Analytics For The CFO (Part 3): Rise Of The Machines

Rob Jenkins

In my previous blog, I discussed the role of finance quants in developing new insights and how finance owning enterprise master data provides a strong foundation for analytics. Today, I want to discuss how new technologies will fundamentally change finance process management and resource deployment.

In much the same way that industries like automobile manufacturing and agriculture have been disrupted by physical robots, artificial intelligence (AI) will have a dramatic impact on finance and accounting. The analytics engine and seamless workflow enabled by machine learning and robotic process automation will bring discontinuous change to transaction accounting. Shareholder-focused executives see opportunities for dramatic efficiencies, with some finance experts estimating that 40% of accounting jobs will be eliminated by 2020. A study by the Pew Research Center shows that most (72%) Americans are more likely to be worried than enthusiastic about automation. Thoughtfully redeploying task-oriented resources will be a source of competitive advantage.

The good news for analytical insight and productivity is the synergy in decision-making when AI is combined with humans. Medical professionals couple deep learning with doctors to magnify human capacity through the power of computer-aided diagnostics. Successful investment firms combine algorithms with fundamental analysis and human judgment in the search for alpha. Progressive CFOs are automating processes such as invoice matching, with one aerospace firm automating 95% of 3 million annual invoices.

Yet machines cannot demonstrate empathy, manage relationships, and tell stories. Nor do machines demonstrate cognitive biases that encumber our human decision-making. By pairing the rational analysis and speed of AI with the softer communication and social skills of financial professionals (at least for the foreseeable future), compelling analytics-based narratives will be part machine and part person.

Cloud changes everything

Millennials and “Gen-Z’ers” are taking over the boardroom. These digital natives have grown up with social media where engagement favors infographics that are more likely to be shared. The music is delivered via streaming connection to a cloud service. They look forward to application updates for new features and functions. They have expectations of real-time, live data that can be sliced and diced via browser and overlaid with spatial analysis for visual insight.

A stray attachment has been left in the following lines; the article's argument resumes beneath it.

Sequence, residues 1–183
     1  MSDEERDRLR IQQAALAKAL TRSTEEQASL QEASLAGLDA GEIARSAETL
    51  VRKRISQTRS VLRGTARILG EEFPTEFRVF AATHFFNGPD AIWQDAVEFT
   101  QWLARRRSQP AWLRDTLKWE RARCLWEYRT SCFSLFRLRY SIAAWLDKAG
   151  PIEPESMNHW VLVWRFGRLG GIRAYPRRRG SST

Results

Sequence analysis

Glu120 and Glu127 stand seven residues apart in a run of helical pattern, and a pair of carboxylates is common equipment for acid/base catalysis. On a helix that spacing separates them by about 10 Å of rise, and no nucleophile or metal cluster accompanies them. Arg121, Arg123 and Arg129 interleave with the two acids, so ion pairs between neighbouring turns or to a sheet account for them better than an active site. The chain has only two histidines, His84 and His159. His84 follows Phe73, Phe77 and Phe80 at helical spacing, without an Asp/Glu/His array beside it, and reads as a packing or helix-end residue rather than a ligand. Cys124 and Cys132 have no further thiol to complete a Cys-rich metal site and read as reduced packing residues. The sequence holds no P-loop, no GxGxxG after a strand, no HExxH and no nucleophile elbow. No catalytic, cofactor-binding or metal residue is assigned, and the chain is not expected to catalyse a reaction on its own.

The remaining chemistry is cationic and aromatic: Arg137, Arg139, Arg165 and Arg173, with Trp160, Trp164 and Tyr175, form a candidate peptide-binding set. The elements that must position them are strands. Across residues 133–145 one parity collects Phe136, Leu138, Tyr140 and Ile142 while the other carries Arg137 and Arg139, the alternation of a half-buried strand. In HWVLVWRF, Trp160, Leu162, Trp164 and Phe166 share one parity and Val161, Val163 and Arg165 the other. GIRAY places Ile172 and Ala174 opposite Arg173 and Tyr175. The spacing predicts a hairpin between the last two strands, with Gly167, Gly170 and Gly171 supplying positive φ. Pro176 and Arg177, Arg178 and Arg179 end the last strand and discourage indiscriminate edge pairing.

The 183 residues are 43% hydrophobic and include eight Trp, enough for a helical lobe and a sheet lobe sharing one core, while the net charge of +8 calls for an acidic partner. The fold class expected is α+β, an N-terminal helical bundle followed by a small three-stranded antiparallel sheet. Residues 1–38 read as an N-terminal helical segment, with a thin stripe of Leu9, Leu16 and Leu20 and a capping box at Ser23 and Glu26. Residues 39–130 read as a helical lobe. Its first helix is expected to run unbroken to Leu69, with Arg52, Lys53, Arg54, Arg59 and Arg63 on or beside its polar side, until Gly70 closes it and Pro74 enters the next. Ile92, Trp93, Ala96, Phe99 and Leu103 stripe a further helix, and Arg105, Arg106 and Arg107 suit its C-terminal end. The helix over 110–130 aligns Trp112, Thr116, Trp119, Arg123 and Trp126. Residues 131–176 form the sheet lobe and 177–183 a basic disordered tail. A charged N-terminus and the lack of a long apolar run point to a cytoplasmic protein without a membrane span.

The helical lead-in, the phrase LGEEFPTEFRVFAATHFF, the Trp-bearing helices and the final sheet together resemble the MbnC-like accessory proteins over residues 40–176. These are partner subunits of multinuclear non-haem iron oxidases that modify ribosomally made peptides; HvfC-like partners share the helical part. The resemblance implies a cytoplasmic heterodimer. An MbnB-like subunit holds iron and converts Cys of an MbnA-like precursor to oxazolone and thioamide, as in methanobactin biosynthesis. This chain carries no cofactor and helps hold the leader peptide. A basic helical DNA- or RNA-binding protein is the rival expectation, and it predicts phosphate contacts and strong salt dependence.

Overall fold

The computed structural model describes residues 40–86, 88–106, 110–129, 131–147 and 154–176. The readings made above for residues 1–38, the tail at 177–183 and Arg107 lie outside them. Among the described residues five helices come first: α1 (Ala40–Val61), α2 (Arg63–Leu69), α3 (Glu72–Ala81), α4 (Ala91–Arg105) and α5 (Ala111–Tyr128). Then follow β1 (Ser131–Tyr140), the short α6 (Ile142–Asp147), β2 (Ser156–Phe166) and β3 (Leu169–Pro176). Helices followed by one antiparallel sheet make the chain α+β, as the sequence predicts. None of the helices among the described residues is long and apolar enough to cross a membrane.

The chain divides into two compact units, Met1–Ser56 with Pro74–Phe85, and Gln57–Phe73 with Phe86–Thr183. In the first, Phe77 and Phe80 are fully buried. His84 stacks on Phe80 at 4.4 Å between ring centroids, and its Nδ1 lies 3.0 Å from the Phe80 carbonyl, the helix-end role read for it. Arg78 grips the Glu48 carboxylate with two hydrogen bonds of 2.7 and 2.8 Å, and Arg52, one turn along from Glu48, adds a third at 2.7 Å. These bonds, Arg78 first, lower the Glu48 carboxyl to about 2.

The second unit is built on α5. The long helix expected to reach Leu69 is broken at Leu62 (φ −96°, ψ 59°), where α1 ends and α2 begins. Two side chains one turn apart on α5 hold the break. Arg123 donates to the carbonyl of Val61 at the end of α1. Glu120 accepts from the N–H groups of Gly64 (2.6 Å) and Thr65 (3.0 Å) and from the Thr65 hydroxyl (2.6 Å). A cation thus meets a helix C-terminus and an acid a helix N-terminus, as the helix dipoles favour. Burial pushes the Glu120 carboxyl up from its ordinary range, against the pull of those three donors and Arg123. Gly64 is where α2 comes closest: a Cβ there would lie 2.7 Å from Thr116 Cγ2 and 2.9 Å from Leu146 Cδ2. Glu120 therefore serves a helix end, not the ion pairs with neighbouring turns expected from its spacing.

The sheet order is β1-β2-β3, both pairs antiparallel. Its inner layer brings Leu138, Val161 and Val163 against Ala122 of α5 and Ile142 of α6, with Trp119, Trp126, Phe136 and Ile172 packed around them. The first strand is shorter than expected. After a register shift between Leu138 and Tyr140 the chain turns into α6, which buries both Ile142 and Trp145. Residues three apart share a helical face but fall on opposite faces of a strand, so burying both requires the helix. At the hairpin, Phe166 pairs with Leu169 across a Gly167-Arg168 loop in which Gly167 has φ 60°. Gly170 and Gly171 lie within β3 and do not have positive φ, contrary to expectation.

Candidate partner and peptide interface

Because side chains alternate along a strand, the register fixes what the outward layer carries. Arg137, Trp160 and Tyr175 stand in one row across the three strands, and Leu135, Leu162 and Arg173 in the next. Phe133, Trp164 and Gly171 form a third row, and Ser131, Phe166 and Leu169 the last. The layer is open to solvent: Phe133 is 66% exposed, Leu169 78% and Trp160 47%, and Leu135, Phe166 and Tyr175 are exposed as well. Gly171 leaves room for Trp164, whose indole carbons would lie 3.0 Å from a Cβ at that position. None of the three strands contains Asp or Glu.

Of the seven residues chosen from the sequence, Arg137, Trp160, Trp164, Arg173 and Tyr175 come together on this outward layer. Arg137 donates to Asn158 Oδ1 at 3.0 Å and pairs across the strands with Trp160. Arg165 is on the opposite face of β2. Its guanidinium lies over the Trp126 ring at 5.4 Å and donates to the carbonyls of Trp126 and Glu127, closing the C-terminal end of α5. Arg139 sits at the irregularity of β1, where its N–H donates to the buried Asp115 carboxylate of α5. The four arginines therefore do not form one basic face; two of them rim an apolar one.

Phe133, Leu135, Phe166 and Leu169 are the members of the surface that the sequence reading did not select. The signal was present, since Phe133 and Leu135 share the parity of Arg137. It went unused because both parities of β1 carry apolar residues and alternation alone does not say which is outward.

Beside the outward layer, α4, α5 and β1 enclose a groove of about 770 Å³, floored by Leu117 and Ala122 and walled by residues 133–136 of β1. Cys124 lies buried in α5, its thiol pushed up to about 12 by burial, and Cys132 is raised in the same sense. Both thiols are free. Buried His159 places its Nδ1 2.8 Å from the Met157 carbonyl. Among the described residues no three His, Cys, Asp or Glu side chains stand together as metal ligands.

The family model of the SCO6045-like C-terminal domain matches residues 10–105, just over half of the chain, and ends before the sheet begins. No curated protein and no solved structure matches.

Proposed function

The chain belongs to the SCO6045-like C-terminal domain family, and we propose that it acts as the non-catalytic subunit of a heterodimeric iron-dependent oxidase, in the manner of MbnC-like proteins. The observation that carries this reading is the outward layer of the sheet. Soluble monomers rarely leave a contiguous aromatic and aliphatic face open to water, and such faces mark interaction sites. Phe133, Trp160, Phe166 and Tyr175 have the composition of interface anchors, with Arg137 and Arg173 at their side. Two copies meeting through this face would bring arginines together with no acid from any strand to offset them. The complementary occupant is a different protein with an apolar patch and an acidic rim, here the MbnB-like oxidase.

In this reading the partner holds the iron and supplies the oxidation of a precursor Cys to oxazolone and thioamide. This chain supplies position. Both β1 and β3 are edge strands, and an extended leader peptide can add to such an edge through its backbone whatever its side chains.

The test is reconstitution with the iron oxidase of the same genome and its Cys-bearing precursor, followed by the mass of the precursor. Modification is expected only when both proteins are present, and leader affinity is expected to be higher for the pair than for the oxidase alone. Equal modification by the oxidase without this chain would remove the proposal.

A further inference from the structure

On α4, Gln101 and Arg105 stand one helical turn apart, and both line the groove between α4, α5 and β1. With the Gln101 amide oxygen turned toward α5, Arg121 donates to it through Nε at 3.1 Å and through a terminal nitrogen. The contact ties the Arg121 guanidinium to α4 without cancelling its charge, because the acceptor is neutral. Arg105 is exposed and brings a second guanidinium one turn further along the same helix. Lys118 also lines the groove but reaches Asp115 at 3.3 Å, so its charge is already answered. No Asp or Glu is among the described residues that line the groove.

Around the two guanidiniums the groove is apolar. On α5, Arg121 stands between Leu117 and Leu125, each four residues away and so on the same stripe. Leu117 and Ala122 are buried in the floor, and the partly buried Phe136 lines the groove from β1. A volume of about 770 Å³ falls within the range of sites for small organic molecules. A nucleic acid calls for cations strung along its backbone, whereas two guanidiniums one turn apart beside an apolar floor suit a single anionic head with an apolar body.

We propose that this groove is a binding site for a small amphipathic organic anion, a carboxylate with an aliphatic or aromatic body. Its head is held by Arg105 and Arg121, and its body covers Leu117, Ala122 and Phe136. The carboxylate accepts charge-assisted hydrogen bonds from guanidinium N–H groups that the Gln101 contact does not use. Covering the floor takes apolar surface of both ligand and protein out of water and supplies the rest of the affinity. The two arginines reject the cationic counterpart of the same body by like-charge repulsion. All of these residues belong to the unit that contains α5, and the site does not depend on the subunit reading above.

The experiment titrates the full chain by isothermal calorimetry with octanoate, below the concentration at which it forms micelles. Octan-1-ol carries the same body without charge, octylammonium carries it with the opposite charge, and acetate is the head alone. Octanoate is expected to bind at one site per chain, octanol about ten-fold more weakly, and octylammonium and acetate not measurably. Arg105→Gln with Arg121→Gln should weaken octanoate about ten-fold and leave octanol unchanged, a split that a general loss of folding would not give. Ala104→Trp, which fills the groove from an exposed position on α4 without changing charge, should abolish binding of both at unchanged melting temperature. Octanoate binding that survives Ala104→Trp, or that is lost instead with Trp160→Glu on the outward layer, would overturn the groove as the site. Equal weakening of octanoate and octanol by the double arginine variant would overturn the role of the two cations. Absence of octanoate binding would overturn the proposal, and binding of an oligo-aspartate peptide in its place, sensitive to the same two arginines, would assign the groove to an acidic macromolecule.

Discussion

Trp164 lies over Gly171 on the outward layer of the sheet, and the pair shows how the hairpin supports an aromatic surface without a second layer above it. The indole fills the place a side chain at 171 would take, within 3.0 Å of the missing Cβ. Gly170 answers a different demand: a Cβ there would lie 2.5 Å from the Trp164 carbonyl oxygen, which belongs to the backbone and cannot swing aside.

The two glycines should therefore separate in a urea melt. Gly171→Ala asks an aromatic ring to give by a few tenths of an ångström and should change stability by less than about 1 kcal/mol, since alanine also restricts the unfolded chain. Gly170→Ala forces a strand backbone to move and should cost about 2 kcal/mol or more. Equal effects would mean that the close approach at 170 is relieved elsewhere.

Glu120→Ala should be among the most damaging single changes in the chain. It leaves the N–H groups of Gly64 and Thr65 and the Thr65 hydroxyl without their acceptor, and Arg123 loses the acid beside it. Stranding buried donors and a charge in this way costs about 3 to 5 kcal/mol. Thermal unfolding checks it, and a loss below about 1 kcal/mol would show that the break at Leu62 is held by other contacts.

Enterprise software is rapidly migrating to the cloud. New apps are now born in the cloud, and the vast majority of new analytics projects will be cloud-based. Cloud eliminates the word “upgrade” from the lexicon. With the dramatic innovations in computing power, memory and database technology, data that score high on any or all of the 5 V’s (volume, variety, velocity, veracity, value) can be deployed and analyzed as never before.

Cloud is easy to try, buy, and use. Cloud is safe, scalable, and can be integrated with legacy on-premise systems. It is a global game-changer.

CFOs are embracing the power of advanced analytics to drive efficiency in finance operations, partner with the business in strategic analysis, and manage enterprise risk as corporate steward. By marrying art and science, equipping humans with machines, and modernizing technology platforms, CFOs will ensure that their models are as accurate as possible and most certainly useful.

Ready to start adopting technology? Read the research paper, Dynamic Planning: Live in the Moment to Succeed in the Future.

This article originally appeared on SAP Analytics.

Rob Jenkins

About Rob Jenkins

Rob Jenkins is a finance executive with over 20 years of experience in leading high-technology and professional services companies. At SAP, he consults with CFOs on technology, analytics, and performance management. Rob has served as vice president, Corporate Finance and led finance transformation. His leadership experience also includes corporate development, M&A, strategic planning, and consulting. He has designed and implemented customer profitability, business planning, process improvement, and performance measurement systems in multiple organizations. Rob began his career as an auditor with a Big 4 CPA firm. He holds an M.S. in Accounting and is a CPA, CMA, and CFM.